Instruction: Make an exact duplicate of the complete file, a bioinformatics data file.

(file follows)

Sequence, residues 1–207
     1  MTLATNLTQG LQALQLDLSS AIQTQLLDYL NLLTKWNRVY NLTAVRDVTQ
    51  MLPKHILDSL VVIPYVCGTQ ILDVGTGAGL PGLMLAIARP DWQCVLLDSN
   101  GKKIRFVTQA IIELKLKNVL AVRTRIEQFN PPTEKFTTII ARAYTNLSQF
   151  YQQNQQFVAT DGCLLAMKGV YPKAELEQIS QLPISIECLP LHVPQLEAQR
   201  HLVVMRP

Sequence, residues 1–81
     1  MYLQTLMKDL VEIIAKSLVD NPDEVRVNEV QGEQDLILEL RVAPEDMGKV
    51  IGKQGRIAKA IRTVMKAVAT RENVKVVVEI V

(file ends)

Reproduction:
Sequence, residues 1–207
     1  MTLATNLTQG LQALQLDLSS AIQTQLLDYL NLLTKWNRVY NLTAVRDVTQ
    51  MLPKHILDSL VVIPYVCGTQ ILDVGTGAGL PGLMLAIARP DWQCVLLDSN
   101  GKKIRFVTQA IIELKLKNVL AVRTRIEQFN PPTEKFTTII ARAYTNLSQF
   151  YQQNQQFVAT DGCLLAMKGV YPKAELEQIS QLPISIECLP LHVPQLEAQR
   201  HLVVMRP

Sequence, residues 1–81
     1  MYLQTLMKDL VEIIAKSLVD NPDEVRVNEV QGEQDLILEL RVAPEDMGKV
    51  IGKQGRIAKA IRTVMKAVAT RENVKVVVEI V